Are you doing enough to manage your data? Organizations often find themselves working for their data, instead of the other way around. Obviously, this is far from ideal, particularly in an environment in which data is often vital to the success of a business. Clearing the data clutter helps you concentrate on the needs of the business.
Productivity is adversely affected when you work for your data. Data today is characterized by volume, velocity and variety. It is rules-driven and technology enabled. When your data works for you, however, it is more dynamic and interactive, it is discovery and value driven, it encompasses internal and external information, and it is analytics enabled. But getting from Point A to Point B with your data is not easy. Context and connectivity really do matter. While the ability to collect, manage, and analyze data can lead to better business outcomes, the difficulty of realizing value from it will continue without solid planning and effective use of new technologies.
Today’s approach to data is siloed. The path to value is point to point, with no connectivity between data sources. Extracting data from multiple sources (markets and competitive insights, customers, the supply chain, HR, finance and performance management, IT, and regulatory and risk) is inefficient, and information is lost in the transition. Better analytics help you reexamine how your business collects information right from the start, and connect the information silos for clearer benefit. You must recognize the current value of your data, gain confidence in external data sources, find balance in data and analytics, and then capitalize on the results.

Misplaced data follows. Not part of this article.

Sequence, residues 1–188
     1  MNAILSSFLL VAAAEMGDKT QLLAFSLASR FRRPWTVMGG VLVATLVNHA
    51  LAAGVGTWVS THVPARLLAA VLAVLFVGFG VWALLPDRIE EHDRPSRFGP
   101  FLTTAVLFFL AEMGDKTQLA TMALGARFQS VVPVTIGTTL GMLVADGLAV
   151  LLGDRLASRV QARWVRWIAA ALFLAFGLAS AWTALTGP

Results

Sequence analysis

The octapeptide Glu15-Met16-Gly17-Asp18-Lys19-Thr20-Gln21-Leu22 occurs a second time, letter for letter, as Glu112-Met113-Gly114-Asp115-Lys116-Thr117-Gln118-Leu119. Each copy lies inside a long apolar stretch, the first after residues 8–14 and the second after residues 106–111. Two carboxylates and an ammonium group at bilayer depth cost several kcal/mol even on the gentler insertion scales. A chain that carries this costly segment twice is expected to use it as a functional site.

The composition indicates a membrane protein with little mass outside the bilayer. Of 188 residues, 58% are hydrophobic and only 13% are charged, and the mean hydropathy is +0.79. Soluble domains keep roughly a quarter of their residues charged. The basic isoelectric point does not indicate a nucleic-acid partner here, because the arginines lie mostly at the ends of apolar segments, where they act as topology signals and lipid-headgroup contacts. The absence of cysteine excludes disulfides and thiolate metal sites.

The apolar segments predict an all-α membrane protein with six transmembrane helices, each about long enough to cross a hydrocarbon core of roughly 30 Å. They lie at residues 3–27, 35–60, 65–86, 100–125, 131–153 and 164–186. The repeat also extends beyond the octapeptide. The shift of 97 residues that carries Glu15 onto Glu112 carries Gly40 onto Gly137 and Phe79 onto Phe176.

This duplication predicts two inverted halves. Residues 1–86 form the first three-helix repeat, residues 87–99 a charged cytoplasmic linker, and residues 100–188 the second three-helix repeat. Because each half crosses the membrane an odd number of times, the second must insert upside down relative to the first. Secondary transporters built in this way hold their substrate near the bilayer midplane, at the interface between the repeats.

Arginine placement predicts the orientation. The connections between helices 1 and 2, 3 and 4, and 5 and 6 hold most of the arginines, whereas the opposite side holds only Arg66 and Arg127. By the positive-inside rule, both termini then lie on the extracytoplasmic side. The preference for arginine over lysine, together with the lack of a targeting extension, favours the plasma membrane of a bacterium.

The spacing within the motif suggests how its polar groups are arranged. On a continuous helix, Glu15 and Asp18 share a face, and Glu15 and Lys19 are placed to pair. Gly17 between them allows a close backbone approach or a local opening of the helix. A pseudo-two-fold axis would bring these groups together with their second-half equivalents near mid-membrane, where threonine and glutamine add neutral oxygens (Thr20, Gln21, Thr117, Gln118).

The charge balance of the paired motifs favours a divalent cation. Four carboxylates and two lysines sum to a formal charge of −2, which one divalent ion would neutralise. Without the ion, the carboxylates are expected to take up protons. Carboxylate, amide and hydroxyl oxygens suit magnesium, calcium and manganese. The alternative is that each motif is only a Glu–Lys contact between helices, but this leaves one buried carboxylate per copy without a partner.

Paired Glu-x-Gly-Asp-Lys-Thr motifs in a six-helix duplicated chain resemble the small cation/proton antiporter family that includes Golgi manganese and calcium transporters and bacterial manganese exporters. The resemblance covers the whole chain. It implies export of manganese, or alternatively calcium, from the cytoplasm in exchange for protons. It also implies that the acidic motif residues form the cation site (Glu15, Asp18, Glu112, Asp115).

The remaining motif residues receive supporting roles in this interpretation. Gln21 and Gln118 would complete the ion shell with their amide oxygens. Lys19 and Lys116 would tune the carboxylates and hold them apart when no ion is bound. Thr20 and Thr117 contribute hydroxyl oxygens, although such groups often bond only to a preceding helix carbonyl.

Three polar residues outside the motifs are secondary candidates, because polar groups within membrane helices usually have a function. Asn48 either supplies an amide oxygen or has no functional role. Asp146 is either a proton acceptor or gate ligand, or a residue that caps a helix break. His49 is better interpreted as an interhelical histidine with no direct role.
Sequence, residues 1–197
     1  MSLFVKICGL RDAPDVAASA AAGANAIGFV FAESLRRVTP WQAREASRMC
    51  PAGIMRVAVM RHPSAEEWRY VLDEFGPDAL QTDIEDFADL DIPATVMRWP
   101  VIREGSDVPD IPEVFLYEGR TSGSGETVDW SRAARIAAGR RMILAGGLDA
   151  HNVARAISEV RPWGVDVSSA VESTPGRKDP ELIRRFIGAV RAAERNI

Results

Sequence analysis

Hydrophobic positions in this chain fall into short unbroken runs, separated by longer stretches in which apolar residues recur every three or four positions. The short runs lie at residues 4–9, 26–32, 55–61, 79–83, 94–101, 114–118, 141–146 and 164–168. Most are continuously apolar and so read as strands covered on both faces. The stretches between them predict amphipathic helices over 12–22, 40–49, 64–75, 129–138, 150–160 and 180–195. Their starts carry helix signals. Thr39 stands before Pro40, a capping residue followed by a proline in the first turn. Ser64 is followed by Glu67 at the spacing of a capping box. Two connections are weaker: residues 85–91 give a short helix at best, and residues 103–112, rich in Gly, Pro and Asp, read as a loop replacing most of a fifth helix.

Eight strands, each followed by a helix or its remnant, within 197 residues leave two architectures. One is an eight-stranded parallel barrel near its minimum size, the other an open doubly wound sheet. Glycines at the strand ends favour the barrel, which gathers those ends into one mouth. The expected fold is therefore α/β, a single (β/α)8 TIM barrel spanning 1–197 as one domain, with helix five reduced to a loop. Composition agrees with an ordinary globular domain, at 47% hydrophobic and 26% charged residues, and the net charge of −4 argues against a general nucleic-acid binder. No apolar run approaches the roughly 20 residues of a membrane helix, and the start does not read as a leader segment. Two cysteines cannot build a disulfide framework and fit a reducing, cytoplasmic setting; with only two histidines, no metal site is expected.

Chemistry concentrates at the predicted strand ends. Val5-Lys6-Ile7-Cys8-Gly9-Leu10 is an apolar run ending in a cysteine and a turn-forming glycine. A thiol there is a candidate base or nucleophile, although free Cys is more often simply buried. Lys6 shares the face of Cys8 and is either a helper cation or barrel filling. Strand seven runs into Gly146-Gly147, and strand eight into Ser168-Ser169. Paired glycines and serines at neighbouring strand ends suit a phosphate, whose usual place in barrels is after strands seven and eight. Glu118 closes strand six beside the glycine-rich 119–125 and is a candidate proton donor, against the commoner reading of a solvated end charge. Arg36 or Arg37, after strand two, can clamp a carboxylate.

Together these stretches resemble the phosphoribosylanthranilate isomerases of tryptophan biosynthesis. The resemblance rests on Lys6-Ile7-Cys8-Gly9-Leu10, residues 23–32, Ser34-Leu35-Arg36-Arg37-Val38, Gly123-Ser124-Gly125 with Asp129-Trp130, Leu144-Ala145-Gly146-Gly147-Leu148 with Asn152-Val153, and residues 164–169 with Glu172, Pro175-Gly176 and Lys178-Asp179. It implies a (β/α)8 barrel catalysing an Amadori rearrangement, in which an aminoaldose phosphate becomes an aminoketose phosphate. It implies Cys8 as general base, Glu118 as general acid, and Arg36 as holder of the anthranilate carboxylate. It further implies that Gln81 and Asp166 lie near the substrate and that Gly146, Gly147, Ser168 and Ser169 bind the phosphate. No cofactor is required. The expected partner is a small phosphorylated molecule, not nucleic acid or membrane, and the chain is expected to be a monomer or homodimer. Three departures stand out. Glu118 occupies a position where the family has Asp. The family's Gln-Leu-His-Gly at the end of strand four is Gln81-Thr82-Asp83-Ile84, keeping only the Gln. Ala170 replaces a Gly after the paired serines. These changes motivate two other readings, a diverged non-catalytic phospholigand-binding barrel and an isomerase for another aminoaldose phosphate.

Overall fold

Business Intelligence and analytics experts have always extracted significant value from internal and structured data, helping with competitive positioning, pricing, target marketing, and supply chain optimization. The conventional approach is to start with a question based on the expert perceptions on what needs analyzing. Now that we are facing Big Data, there is simply too much information to consume in a timely manner. Faster data processing is crucial. To extract value, we need to focus on the maximum impact elements falling within what we call the “Value Zone,” comprised of the Growth Zone (driving revenue and enhancing customer experience), the Efficiency Zone (controlling cost and quality), and the Risk Zone (maintaining financial health and reducing exposure).
With even bigger data looming on the horizon, it is essential to look at data comprehensively but not up-end the whole system. To help achieve faster results in this era of real-time enterprise, business must ensure that the critical connection facilitated by information across the organization is effectively captured. Finding the right balance between data and analytics will help demonstrate the ROI from the technology investment. Companies will not be able to ignore the benefits, particularly when their competitors are adopting these same methods.